TED Talk: 3 ways to (usefully) lose control of your brand

This talk reminds me of The Cluetrain Manifesto. Attempting to control the message, aka the brand, backfires. Employees doing good things builds the brand. It is especially the small things that count. Therefore, empowering employees to do good, altruistic things is really good for the brand. And those things may not even have to be part of the core business.

I am torn between official and unofficial directives not to assist our users in situations where I obviously can and wanting to feel like I am doing right by our users. It sucks to feel like I could be doing more. (So often I do, but superiors who rarely read this blog have no idea.) I just have to keep upholding our brand under the radar of the administration.

If the below video does not work, then try: Tim Leberecht: 3 ways to (usefully) lose control of your brand.

Another Ironic Keynote

Earlier today, Blackboard announced the keynote will be given by Anya Kamenetz, author of DIY U as the DevCon keynote. It continues the tradition of ironic keynote speakers in even years:

  • 2008 Michael Wesch who spoke on how the traditional one-to-many classroom model isn’t good for helping students learn. The two LMS products Blackboard makes continue the one-to-many model online. He advocated using free online Web 2.0 tools to aggregate the information students collectively relevant research and provide to the many-to-many class discussion.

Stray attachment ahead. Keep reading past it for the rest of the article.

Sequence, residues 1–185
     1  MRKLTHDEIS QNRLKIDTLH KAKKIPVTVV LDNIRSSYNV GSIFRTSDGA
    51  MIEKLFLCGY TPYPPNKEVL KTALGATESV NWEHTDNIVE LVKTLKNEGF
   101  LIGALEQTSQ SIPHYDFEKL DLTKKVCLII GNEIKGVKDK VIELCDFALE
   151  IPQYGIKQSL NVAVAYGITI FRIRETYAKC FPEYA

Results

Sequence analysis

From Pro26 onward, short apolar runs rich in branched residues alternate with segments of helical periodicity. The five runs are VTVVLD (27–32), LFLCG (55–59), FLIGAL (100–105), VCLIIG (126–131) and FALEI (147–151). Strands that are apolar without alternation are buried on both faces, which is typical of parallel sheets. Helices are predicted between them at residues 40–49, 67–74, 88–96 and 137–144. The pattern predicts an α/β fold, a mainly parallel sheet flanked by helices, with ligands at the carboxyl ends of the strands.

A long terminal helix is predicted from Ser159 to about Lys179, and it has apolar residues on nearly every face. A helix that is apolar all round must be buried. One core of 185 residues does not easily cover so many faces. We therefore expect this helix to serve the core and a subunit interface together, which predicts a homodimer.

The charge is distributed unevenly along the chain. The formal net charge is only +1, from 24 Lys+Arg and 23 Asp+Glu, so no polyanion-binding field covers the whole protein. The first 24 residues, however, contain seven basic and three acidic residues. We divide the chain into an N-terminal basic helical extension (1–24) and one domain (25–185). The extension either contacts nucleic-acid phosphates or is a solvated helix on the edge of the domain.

• 2006 David Weinberger who spoke on how digitalization changes how we organize information. He was previously a contributor to The Cluetrain Manifesto, whose point was corporations need to have honest conversations with customers because we do talk to each other and discover deception.

How does DIY U continue the irony in 2010? Well, the idea is to get rid of the education model where students solely look to experts (aka professor) to provide information. Students use the abundance of information available online for free such as OpenCourseWare and use the experts to give practical application experience. An LMS is designed to place the expert (the instructor role) as the provider of the information, the exact opposite of what Anya advocates.

Ideally, Blackboard arranges these to pressure themselves to adapt to the changing landscape.

If so, then based on the 2006 keynote, Blackboard should have a culture of engineers and developers willing to frankly talk to me about the products. They should be hanging out on the email lists where I seek peer solutions offering their own given their insider access. They should be on Twitter. There are a few who do this, but they are by far rare.

I’ve already argued how the LMS is Web 1.5 not 2.0.

Maybe in 2012.

2nd Blackboard Blog

A blog without comments to me isn’t a blog. Blog posts are about stimulating discussion, so the comments are most important feature. Content without feedback is a publicity or news story not a blog. So Blackboard Blogs at educateinnovate.com isn’t really a blog.

Steve Feldman, Bb performance engineer, had the first Blackboard Inc blog with Seven Seconds. He mysteriously stopped last fall. 🙁

Ray Henderson, new Bb President for Learn, has a blog. Read this introduction post. He specifically wants discussion and dialog. Someone at Blackboard who understands The Cluetrain Manifesto? I am hopeful this is a sign of positive change.